Our follies grow before our years!

"Speak so again, and thou shalt see,
If it will be a pleasant jest!"

Then such a look she gave at me,

To say the truth, I judged it best My ill-tim'd raillery to cease,

And leave the Father's name in peace.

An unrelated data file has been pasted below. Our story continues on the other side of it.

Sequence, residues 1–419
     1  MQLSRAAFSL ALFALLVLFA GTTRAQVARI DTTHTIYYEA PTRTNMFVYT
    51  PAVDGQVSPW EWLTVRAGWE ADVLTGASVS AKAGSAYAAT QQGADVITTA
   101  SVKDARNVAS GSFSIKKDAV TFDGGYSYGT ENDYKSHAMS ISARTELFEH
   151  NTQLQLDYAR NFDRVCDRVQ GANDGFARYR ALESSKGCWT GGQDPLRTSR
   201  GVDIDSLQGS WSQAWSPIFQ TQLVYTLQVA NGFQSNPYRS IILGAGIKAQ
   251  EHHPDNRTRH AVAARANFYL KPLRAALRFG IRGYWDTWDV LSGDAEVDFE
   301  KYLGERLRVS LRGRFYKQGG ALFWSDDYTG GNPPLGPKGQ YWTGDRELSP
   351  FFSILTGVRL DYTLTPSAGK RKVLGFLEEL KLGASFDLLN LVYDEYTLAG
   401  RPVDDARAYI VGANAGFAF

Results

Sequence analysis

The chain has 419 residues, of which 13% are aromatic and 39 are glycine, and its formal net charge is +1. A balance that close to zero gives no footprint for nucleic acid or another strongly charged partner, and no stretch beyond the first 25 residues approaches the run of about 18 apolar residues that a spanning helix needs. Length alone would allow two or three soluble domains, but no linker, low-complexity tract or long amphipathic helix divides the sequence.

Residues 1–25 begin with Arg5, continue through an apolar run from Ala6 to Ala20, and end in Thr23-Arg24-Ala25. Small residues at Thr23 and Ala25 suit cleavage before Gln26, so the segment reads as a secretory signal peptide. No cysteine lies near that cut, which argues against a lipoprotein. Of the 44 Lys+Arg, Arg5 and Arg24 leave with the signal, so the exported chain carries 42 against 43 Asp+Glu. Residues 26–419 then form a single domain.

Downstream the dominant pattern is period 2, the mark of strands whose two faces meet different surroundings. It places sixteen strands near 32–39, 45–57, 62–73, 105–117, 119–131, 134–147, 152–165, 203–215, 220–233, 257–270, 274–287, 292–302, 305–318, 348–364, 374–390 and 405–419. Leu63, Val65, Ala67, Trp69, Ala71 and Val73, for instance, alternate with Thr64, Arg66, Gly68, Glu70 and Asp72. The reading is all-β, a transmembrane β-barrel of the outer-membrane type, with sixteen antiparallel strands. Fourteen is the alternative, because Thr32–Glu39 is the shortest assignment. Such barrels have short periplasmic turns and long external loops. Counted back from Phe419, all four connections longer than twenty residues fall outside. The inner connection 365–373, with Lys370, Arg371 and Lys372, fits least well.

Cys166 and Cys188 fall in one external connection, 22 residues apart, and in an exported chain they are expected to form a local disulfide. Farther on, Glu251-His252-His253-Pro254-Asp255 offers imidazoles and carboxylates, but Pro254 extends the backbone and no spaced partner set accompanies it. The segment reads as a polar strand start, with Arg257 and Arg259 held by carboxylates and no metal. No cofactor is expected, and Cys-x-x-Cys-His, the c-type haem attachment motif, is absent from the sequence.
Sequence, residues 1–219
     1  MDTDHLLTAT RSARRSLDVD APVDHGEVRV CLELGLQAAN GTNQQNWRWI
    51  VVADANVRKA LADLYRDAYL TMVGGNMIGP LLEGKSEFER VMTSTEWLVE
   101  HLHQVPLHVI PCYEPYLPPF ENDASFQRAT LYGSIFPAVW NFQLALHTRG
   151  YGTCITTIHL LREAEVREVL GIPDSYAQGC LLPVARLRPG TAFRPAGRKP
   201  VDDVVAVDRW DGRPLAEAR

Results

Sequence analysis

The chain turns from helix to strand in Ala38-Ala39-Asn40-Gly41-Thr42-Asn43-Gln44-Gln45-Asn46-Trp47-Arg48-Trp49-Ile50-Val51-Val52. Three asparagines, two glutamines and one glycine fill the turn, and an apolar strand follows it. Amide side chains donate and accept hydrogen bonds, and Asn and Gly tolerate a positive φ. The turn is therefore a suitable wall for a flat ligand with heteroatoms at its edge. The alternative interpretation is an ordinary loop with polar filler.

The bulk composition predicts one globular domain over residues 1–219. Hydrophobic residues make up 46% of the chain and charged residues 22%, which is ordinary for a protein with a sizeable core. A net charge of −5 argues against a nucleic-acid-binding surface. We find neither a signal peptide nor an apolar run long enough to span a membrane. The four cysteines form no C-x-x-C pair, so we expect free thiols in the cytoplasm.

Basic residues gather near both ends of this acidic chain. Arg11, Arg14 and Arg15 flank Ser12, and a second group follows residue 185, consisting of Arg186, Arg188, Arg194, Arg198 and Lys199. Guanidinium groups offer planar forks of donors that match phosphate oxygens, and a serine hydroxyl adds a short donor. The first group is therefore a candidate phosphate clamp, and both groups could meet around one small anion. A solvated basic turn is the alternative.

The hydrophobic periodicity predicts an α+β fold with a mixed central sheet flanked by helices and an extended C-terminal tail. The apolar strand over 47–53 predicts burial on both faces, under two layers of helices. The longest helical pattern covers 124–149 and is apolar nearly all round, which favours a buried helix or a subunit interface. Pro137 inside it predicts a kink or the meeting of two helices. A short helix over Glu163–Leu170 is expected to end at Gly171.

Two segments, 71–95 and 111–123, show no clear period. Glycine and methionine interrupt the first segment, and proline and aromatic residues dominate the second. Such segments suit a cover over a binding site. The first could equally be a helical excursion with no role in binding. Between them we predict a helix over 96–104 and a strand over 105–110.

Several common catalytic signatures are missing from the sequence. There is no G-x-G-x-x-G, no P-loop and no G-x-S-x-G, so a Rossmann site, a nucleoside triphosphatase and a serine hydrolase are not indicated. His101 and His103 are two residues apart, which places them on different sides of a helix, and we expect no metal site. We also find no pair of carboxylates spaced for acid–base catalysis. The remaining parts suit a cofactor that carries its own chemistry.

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THE author of the volumes before us was rather favourably known by the publication of one, or we believe two little volumes of Irish tales; in which he dressed up with considerable humour, some of the queer stories and traditions, which form the staple of our country's legendary lore. These publications attained a certain degree of popularity which was not altogether undeserved. Without any of the features of genius, they were marked by a degree of cleverness that might be mistaken for its indications. His tales had at least this merit, that they made no pretensions to the higher attributes of fiction-and they accomplished all they aimed at the amusement of the reader. Many persons, indeed, believed, that there was a species of dishonesty in the way in which old jests were revived-and old stories long since printed, in catch-penny books, were copied-in one or two instances spoiledwithout the slightest hint as to the source from which either the wit or the incident was borrowed. For our own parts, however, we had no such feeling, perhaps, because we never thought of applying to a writer of Mr. Lover's calibre the tests by which we would judge of original talent. We judged of him as a retailer of amusing anecdotes-and, as such, we found him most agreeable; and, although we were frequently obliged to make allowance for much coarseness, and not a little vulgarity the legends of Ireland were well adapted to give entertainment to an idle hour.